-- digestGeneric uses the Show form of a type to hash it.
digestGeneric :: (Show a) => a -> ByteString
digestGeneric x = SHA256.hash . pack $ show x

-- A HashBlock stores data alongside a hash.
data HashBlock a = Block ByteString a deriving (Show, Read)

-- getHash returns the hash from a block.
getHash :: HashBlock a -> ByteString
getHash (Block h _) = h

-- getValue returns the value from a block.
getValue :: HashBlock a -> a
getValue (Block _ v) = v

-- newBlock creates a block from a value.
newBlock :: (Show a) => a -> HashBlock a
newBlock v = Block (digestGeneric v) v

-- hashBlocks computes the hash of all the hashes in a list of blocks.
hashBlocks :: [HashBlock a] -> ByteString
hashBlocks blocks = SHA256.hash $ Data.ByteString.Char8.concat hs
  where hs = map getHash blocks

-- A HashList stores a root hash, which is the hash of all the hashes
-- in the hash list's blocks, and a list of hash blocks.
data HashList a = HashList {rootHash :: ByteString
                           ,blockList :: [HashBlock a]}
                  deriving (Show, Read)

-- initHashList creates a new hash list from a value.
initHashList :: (Show a) => a -> HashList a
initHashList v = HashList root block
  where block = [(Block (digestGeneric v) v)]
        root  = hashBlocks block

-- newHashList creates a new hash list from a list of values. In
-- effect, it converts an unauthenticated list to an authenticated
-- list.
newHashList :: (Show a) => [a] -> HashList a
newHashList values = HashList (hashBlocks blocks) blocks
  where blocks = map newBlock values

-- pushBlock adds a new block to the hash list.
pushBlock :: (Show a) => HashList a -> a -> HashList a
pushBlock hlst@(HashList _ blocks) v =
  HashList (hashBlocks blocks') blocks'
  where blocks' = blocks ++ [(Block (digestGeneric v) v)]

-- verifyBlock verifies the hash on a single block.
verifyBlock :: (Show a) => HashBlock a -> Bool
verifyBlock (Block h v) = h == digestGeneric v

-- verifyHashList verifies the blocks in the hash list, and verifies
-- that the root hash is valid.
verifyHashList :: (Show a) => HashList a -> Bool
verifyHashList (HashList root blocks) =
  root == hashBlocks blocks && (all id $ map verifyBlock blocks)

-- getBlock returns the value of the block at a given index.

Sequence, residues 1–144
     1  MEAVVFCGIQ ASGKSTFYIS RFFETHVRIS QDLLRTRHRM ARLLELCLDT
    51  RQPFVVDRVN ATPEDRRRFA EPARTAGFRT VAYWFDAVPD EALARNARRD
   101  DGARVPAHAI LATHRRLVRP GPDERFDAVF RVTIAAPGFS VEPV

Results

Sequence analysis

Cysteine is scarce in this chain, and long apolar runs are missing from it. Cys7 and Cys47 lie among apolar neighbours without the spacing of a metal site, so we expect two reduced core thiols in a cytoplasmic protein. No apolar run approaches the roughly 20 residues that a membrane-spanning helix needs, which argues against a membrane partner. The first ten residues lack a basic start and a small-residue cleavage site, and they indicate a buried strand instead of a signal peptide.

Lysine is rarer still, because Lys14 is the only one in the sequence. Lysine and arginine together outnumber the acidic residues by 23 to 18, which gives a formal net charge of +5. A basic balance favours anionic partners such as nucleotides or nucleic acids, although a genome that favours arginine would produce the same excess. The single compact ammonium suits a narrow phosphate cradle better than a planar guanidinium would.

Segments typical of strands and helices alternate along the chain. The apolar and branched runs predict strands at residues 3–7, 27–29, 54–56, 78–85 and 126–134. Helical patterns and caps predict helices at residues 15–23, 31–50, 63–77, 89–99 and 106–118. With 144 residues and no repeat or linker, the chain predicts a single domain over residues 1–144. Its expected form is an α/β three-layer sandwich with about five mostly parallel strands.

getBlock :: HashList a -> Int -> a
getBlock (HashList _ blocks) idx = getValue $ blocks !! idx

-- getValues returns a list of the values in the hash list. In effect,
-- it converts the authenticated list to an unauthenticated list.
getValues :: HashList a -> [a]
getValues (HashList _ blocks) = map getValue blocks

-- getRoot returns the root hash of the hash list.
getRoot :: (Show a) => HashList a -> ByteString
getRoot (HashList root _) = root

instance (Show a) => Eq (HashList a) where
  a == b = ((verifyHashList a) && (verifyHashList b)) &&
getRoot a == getRoot b

Merkle.hs

{-
Low budget Merkle Tree implementation for a talk.
-}
module Merkle where

import qualified Crypto.Hash.SHA256 as SHA256
import Data.ByteString.Char8 (ByteString, append, pack)

data Tree = Leaf String | Node ByteString Tree Tree
            deriving (Show, Read)


-- Given h1, h2, produce the hash of both of them.
hashHashes :: ByteString -> ByteString -> ByteString
hashHashes h1 h2 = SHA256.hash $ append h1 h2

-- Return all the leaves in the tree.
getLeaves :: Tree -> [String]
getLeaves (Leaf s) = [s]
getLeaves (Node _ l r) = getLeaves l ++ getLeaves r

-- Produce a digest of the tree.
digest :: Tree ->  ByteString
digest (Leaf s)     = SHA256.hash $ pack s
digest (Node _ l r) =
  hashHashes (digest l) (digest r)

-- Convenience function for building a node from two strings.
joinLeaves :: String -> String -> Tree
joinLeaves a b =
  Node (digest tempNode) (Leaf a) (Leaf b)
  where tempNode = Node (pack "") (Leaf a) (Leaf b)

-- Produce a new node that contains the digest of both its trees.
joinNodes :: Tree -> Tree -> Tree
joinNodes l@(Node h1 l1 r1) r@(Node h2 l2 r2) =
  Node (digest tempNode) l r
  where tempNode = Node (pack "") l r
joinNodes (Leaf a) (Leaf b) = joinLeaves a b

-- Inefficient, ends up recomputing many of the digests.
-- Ensure that all the digests match up.
verifyTree :: Tree -> Bool
verifyTree (Leaf _) = True
verifyTree node@(Node h l r) =
  verifyTree l && verifyTree r && h == digest node